I know it may seem a rather strange criticism, but the one thing that John Hillcoat's The Road has between it and greatness is that it is just not desolate enough. Hillcoat's film, adapted rather adeptly from Cormac McCarthy's Pulitzer Prize winning novel, is the story of a man and his ten year old boy (both unnamed in book and in movie) making their way through the post-apocalyptic world that is now, and has been for a decade, their quite inhospitable home. This is a world where most life has ceased to exist. This is a world where all crops and animals and only small pocketfuls of humans populate a harsh reality. This is a world where humanity has ceased to be and cannibalism has become the norm for the few remaining humans. This is a world where this intrepid father and son trudge on and on and on, in essence searching for hope at the end of the proverbial rainbow, but in reality just biding their time until death eventually and inevitably comes. This is a world that McCarthy painted as not only inhospitable, but downright unsurvivable - or even unworthy of survival. This is also a world that is envisioned by the director in an acutely accurate adaptation but is also never taken to that nth level of desperation that McCarthy's Faulkneresque prose takes it - and us with it.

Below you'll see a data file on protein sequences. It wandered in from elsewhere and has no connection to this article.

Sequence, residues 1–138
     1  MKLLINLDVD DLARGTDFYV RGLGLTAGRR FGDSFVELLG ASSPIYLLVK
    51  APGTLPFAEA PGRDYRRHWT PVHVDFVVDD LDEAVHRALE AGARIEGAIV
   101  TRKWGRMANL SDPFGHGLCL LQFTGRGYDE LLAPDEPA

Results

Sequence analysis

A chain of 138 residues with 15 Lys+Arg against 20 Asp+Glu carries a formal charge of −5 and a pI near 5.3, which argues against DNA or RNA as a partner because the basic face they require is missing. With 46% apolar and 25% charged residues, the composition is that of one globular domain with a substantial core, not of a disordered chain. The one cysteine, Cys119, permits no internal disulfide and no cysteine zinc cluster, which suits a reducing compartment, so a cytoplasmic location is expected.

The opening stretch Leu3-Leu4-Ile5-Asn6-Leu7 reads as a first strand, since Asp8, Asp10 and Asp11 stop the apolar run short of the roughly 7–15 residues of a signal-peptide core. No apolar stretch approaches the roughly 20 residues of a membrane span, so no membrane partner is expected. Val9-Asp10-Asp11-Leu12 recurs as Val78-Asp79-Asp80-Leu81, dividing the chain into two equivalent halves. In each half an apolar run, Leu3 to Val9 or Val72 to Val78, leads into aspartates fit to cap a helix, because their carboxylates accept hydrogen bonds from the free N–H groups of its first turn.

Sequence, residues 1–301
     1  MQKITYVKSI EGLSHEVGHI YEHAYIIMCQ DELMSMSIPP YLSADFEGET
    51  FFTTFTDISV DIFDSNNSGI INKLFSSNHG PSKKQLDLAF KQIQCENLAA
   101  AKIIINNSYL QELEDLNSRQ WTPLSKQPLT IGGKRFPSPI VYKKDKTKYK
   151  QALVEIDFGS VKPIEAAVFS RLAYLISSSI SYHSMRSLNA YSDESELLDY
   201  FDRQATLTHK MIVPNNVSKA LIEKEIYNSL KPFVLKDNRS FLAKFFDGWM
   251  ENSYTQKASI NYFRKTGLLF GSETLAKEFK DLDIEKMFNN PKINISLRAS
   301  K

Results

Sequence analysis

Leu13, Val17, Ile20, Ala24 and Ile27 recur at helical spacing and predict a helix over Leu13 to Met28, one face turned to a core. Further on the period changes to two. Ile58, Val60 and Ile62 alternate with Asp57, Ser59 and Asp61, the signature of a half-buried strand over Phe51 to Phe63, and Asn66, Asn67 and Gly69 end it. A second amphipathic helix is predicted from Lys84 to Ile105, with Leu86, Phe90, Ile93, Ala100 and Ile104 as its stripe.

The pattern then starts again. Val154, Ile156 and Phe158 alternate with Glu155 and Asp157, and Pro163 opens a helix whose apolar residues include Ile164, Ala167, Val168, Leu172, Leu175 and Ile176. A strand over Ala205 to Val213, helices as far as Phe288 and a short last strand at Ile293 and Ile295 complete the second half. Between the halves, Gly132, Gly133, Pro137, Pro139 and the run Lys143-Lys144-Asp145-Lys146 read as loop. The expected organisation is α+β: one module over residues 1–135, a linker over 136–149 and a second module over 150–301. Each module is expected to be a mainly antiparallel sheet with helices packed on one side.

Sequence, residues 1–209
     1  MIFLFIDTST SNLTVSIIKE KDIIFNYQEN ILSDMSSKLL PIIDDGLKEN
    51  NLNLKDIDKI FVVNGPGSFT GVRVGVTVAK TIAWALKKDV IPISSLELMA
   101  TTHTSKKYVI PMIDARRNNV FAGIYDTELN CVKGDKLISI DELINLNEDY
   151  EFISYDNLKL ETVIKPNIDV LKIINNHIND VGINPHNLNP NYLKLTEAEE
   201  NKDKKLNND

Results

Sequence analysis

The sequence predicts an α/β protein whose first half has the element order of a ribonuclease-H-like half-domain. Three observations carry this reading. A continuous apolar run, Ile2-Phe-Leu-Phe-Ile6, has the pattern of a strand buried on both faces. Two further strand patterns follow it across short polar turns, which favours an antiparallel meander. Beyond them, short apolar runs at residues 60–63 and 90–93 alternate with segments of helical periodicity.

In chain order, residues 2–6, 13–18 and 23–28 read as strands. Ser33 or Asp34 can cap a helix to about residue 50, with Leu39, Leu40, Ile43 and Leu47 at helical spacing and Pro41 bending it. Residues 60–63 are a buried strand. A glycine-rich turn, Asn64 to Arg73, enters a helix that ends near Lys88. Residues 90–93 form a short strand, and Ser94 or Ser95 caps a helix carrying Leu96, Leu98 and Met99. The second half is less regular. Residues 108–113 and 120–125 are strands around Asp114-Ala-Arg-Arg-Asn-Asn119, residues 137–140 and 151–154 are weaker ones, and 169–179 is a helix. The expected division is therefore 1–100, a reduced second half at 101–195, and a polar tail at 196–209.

Perhaps it is the unnecessary musical score that accompanies these atrocities that make this film sing its weary song in less than harsh enough tomes. Sufficiently moody and apprehensive in its downbeat melody, it is nonetheless completely superfluous in its cinematic appearance. What Hillcoat needed for his film was more of a real world feel. More desolation. More of a quiet (read: no music) empty void of a film. Again, this is a strange criticism (and basically the only real criticism I have of this otherwise brave motion picture) but nonetheless, there it is. Perhaps under the auspices of a filmmaker such as Tarkovsky or Bela Tarr, McCarthy's work would have more power thrust toward its viewers, just as the writer's words upon the page come alive even amidst all the death and decay he is speaking of. But then it is not necessarily Hillcoat's inability to direct that has this film lacking in that one certain aspect of attempted desolation. Hillcoat's The Propostion, a Sergio Leone-like western full of just about as much audacious chutzpah as one can imagine, is a great film, and his ability to create a work such as that should have made him and easy choice for the bravura needed to adapt McCarthy's prose into film. And, for the most part, the filmmaker does just that, and if not for the choice of maudlin score to accompany such tragedy, this too would have been a great film. In all other aspects, including Viggo Mortensen's powerful performance and the gorgeously horrific cinematography and truly desolate art direction, John Hillcoat's The Road is, in many ways, a magnificent film to watch and behold. If only for the filmmaker's somewhat lack of daring does it cease to become the great epic work it very well could have been. [01/17/10]